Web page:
Job growth in Jeffersontown boosted by JOBS Program incentives

A worker at Kentuckiana Curb Co.’s HVAC manufacturing facility in Jeffersontown.

JEFFERSONTOWN, Ky. — Employment in the City of Jeffersontown is set to grow by 1,074 new jobs through projects approved in 2019 as part of the Jeffersontown Occupation Business Savings (JOBS) Program.

That’s the largest number of jobs created by approved projects in one year since the program began in March 2014, said Jeffersontown Mayor Bill Dieruf.

“More businesses are recognizing the benefits of locating in Jeffersontown with our support service infrastructure, interstate access, moderate property prices, on-site parking and other advantages,” Dieruf said.

The JOBS Program is a business-development tool that provides an inducement equivalent to 50 percent of the new occupational taxes generated over a five-year period. It was created by Jeffersontown officials to help retain and attract businesses to the community, said Mike Kmetz, director of the Jeffersontown Economic Development Authority, the city agency that manages the JOBS program.

Of the six approved JOBS Program projects in 2019, 598 jobs have been retained by providing the incentives to three growing Jeffersontown businesses. Those businesses expect to have an aggregate increase of 1,074 employees by the end of the five-year period of JOBS Program participation, according to Kmetz.

With retained jobs and employment growth combined, the six JOBS Program projects are expected to account for a total of 1,672 jobs if all participating businesses reach their employment goals, he added.

The jobs generated by these projects are well-paying ones, Kmetz said, noting that the average annual pay per new job from the 2019 projects is $72,720. Total project payroll by year six is expected to reach almost $114.5 million with about $78 million of that payroll coming from new jobs.

Total company investment by the six companies is more than $74 million.

The six businesses that qualified in 2019 for JOBS Program incentives are Baptist Healthcare System Inc., Chewy Inc., Kentuckiana Curb Company Inc., Mortenson Family Dental Holdings Inc., Wilson Controls Inc. and YPG LLC.

“As indicated by this year’s JOBS Program participants, we have all types of businesses operating here — corporate offices, manufacturing facilities, logistics centers, industrial operations and traditional business services,” said Dieruf, who currently serves as president of the Kentucky League of Cities. “If workplace population was used to calculate a city’s population, Jeffersontown would be one of the largest cities in Kentucky.”

The single largest JOBS Program project since its inception is tied to the recently announced move by Baptist Health to consolidate its information-technology operations at one site in Bluegrass Commerce Park in Jeffersontown. The IT department is moving into an 85,000-s.f. property that formerly housed the corporate headquarters of PharMerica, a full-service pharmacy corporation.

That project is expected to bring a total of 460 jobs to Jeffersontown over the five-year period of Baptist Health’s participation in the JOBS Program. When the facility opens following renovations, almost 400 employees will report to work there. The additional jobs are anticipated new positions within five years, Kmetz said.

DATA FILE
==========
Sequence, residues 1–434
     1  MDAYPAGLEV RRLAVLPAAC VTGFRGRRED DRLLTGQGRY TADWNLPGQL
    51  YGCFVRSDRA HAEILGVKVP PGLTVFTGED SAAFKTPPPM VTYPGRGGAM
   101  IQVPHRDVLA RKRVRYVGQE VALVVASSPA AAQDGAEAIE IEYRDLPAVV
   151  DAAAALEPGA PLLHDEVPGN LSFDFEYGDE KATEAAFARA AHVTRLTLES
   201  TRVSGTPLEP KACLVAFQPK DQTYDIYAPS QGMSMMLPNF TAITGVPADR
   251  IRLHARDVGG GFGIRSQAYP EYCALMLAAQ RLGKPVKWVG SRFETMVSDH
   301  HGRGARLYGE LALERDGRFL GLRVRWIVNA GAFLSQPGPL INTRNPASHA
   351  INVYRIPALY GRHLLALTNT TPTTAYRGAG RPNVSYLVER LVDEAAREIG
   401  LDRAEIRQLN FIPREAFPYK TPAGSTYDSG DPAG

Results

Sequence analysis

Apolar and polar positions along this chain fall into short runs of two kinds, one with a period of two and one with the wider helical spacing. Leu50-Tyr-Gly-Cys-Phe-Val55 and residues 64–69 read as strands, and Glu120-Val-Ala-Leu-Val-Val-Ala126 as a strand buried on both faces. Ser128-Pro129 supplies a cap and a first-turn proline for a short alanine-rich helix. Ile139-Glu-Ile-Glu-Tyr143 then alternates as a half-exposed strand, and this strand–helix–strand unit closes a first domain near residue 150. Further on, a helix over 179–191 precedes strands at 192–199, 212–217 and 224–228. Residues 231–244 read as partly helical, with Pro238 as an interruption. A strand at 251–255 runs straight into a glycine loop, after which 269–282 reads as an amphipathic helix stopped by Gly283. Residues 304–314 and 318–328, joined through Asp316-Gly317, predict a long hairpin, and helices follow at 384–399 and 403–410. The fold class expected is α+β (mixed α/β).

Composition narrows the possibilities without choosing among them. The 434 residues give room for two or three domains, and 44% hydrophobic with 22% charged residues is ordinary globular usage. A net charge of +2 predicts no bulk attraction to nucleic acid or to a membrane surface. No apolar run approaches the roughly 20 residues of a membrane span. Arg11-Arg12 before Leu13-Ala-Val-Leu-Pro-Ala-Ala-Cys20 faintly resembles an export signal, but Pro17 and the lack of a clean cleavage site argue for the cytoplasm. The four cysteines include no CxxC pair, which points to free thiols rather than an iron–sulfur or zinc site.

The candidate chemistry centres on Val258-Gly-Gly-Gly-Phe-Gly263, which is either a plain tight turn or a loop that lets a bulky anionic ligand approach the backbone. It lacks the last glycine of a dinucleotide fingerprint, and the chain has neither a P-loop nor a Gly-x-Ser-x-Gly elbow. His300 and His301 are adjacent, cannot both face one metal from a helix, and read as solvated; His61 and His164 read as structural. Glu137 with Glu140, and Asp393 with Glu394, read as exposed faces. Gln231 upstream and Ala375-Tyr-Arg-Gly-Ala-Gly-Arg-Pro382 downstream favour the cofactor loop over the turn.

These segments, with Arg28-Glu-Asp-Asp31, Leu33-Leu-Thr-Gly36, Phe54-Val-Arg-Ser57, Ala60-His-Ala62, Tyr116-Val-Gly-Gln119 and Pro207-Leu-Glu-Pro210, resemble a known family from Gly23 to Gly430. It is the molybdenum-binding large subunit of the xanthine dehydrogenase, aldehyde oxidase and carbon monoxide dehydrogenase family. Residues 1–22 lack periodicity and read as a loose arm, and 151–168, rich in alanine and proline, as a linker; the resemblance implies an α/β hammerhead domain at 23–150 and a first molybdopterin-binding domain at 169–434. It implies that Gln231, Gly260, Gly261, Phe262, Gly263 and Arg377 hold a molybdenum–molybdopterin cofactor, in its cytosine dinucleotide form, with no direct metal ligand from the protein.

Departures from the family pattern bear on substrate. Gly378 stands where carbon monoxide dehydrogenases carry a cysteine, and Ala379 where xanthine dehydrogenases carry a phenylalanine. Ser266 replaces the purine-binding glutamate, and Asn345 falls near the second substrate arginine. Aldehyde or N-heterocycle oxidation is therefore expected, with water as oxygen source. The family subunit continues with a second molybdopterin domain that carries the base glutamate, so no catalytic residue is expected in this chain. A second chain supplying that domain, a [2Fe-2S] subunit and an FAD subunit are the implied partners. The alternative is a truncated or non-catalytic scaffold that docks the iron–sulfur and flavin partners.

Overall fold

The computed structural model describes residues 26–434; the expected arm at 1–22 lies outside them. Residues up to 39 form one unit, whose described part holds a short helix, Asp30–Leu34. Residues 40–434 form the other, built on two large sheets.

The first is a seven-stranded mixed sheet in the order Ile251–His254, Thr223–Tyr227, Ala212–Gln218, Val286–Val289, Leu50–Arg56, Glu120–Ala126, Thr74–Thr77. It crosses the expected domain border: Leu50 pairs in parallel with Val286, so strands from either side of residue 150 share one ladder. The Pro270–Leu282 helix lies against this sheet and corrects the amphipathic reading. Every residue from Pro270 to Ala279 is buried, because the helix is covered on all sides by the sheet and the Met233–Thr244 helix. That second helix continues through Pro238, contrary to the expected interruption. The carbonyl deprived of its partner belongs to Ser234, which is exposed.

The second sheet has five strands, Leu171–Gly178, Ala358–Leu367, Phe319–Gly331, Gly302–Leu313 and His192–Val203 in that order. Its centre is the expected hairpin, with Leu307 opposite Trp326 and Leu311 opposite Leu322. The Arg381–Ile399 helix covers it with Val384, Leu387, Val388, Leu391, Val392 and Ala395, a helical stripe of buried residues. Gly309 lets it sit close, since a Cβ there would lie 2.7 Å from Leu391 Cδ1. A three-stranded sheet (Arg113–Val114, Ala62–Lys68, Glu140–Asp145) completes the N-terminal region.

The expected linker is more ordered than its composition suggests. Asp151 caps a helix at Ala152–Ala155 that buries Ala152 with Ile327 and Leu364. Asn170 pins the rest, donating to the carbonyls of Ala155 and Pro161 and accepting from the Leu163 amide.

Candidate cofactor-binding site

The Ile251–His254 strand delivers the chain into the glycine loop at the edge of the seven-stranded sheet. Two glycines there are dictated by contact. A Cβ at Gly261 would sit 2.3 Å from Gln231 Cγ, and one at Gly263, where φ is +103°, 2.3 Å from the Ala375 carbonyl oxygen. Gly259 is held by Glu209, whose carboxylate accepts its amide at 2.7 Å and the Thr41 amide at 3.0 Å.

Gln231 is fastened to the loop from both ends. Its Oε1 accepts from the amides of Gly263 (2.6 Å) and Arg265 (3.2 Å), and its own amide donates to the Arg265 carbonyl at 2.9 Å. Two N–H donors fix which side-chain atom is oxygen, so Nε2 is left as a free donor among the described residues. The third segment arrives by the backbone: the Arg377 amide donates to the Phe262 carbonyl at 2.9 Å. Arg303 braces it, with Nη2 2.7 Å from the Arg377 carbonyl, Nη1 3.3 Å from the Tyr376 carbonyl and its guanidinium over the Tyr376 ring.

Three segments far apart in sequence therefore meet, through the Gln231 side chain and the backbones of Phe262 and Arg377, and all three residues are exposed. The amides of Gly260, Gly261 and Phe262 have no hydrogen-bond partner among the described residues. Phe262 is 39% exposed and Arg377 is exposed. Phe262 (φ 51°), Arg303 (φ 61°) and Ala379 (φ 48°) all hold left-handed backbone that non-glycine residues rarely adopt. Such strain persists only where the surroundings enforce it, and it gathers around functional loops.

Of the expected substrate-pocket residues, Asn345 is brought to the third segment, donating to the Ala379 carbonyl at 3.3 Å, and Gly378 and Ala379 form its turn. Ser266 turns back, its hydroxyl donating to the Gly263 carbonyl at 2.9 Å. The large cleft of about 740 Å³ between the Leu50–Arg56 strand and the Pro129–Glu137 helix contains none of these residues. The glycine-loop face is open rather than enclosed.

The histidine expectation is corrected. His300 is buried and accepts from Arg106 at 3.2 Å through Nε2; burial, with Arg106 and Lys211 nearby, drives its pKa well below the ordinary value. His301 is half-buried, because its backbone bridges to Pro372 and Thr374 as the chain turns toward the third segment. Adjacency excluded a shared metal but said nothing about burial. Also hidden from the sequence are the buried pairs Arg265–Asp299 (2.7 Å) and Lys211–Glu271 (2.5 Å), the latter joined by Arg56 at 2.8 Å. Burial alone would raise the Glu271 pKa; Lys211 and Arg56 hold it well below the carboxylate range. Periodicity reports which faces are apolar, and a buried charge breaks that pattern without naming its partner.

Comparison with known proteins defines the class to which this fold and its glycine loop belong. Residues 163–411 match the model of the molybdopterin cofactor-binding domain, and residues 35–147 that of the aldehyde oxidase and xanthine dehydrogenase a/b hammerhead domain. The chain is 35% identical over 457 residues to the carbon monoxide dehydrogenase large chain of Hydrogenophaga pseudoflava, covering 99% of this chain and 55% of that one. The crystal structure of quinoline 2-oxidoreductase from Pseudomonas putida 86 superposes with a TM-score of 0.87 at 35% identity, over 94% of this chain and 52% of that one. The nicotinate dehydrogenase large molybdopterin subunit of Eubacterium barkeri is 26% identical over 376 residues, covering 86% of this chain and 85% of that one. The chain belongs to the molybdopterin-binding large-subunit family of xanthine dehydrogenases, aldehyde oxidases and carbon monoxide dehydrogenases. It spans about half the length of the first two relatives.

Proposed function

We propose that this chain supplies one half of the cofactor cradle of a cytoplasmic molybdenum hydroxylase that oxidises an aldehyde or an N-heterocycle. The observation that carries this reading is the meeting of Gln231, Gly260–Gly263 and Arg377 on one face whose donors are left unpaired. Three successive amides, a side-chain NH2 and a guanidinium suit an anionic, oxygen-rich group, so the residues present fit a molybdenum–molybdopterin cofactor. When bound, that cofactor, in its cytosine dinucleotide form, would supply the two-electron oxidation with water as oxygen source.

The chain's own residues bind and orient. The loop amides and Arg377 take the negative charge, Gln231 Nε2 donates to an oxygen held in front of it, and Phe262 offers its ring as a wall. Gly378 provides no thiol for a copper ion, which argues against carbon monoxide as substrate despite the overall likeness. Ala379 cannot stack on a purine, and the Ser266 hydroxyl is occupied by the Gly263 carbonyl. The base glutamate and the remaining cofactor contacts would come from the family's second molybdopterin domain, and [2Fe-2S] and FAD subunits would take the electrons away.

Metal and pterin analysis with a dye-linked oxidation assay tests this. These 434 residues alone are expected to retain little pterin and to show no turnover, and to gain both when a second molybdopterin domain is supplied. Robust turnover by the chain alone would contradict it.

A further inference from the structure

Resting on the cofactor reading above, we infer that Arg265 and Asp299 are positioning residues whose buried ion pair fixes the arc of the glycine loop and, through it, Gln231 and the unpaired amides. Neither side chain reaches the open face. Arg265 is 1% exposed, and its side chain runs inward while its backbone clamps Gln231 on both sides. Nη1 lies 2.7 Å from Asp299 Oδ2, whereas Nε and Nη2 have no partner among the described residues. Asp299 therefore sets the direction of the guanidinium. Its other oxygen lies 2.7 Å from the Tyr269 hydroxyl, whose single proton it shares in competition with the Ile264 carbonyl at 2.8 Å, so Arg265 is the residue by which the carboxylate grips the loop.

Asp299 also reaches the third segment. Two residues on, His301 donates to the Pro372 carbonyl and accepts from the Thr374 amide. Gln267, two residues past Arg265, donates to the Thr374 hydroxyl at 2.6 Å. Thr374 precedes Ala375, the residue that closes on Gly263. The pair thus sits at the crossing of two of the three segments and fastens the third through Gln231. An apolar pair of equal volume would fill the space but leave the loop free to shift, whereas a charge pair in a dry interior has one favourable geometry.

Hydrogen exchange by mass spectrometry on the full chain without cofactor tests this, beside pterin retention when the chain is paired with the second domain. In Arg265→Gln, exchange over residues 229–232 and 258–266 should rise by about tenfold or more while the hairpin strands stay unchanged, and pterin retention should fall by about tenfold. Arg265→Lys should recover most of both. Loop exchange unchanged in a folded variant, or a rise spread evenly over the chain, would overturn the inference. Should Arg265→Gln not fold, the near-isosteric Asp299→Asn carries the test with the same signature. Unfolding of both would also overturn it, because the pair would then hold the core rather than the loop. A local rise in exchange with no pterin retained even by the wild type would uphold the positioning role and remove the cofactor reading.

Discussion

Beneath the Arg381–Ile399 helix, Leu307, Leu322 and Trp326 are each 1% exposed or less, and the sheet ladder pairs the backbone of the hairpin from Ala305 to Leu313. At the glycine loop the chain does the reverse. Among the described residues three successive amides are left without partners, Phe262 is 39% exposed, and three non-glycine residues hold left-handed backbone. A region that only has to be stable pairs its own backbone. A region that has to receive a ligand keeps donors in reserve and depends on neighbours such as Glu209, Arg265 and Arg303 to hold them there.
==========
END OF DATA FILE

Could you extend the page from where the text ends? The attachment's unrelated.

The 20 JOBS Program participants to date have invested or are in the process of investing almost $66 million in their Jeffersontown operations, and they will have retained/attracted a total of 3,140 jobs with projected total annual payroll of more than $53.5 million following program participation.

A business-friendly approach in Jeffersontown has been an intentional objective in recent years, according to city officials. And it’s paying off.

The mayor pointed to a resurgence of the Plainview office corridor that has occurred as Appriss Inc. and Statewide Mortgage have continued to grow corporate headquarters operations in that part of Jeffersontown while the business parks along Interstate 64 attract businesses to newly built and redeveloped properties.

“We’ve worked hard to make Jeffersontown an appealing place to live, work and play,” said Dieruf. “It’s not uncommon for communities to use that terminology to describe themselves, but in our case it could not be more on point. Restaurant and entertainment options have opened in all parts of Jeffersontown with more in the pipeline. We have plentiful recreation and arts opportunities. And the selection of homes here stretches across a broad price and style spectrum.

“With JOBS Program incentives, a strong transportation corridor and so many amenities, it’s easy to see why Jeffersontown is thriving as an appealing business center in the metropolitan area,” Dieruf added. “We anticipate continued economic growth in Jeffersontown as 2020 unfolds.”

2019 Jeffersontown JOBS Program Participants

• Baptist Healthcare System Inc.: 460 total project jobs at a new 85,000-square-foot information-technology operations center;

• Chewy Inc.: 230 total project jobs at a pet pharmacy fulfillment center employing veterinary pharmacists, technicians and fulfillment workers;

• Kentuckiana Curb Company Inc.: 912 total project jobs with 400 new jobs at an HVAC manufacturing facility;

• Mortenson Family Dental Holdings Inc.: 43 total project jobs at a relocated corporate office (added to the 140 operational jobs that relocated to Jeffersontown in 2017);

• Wilson Controls Inc.: 8 total project jobs at a relocated operations base for the company that monitors and services manufacturing equipment and operations;

• YPG LLC: 19 total project jobs for an expansion of a purchasing co-op that services YMCA districts nationwide.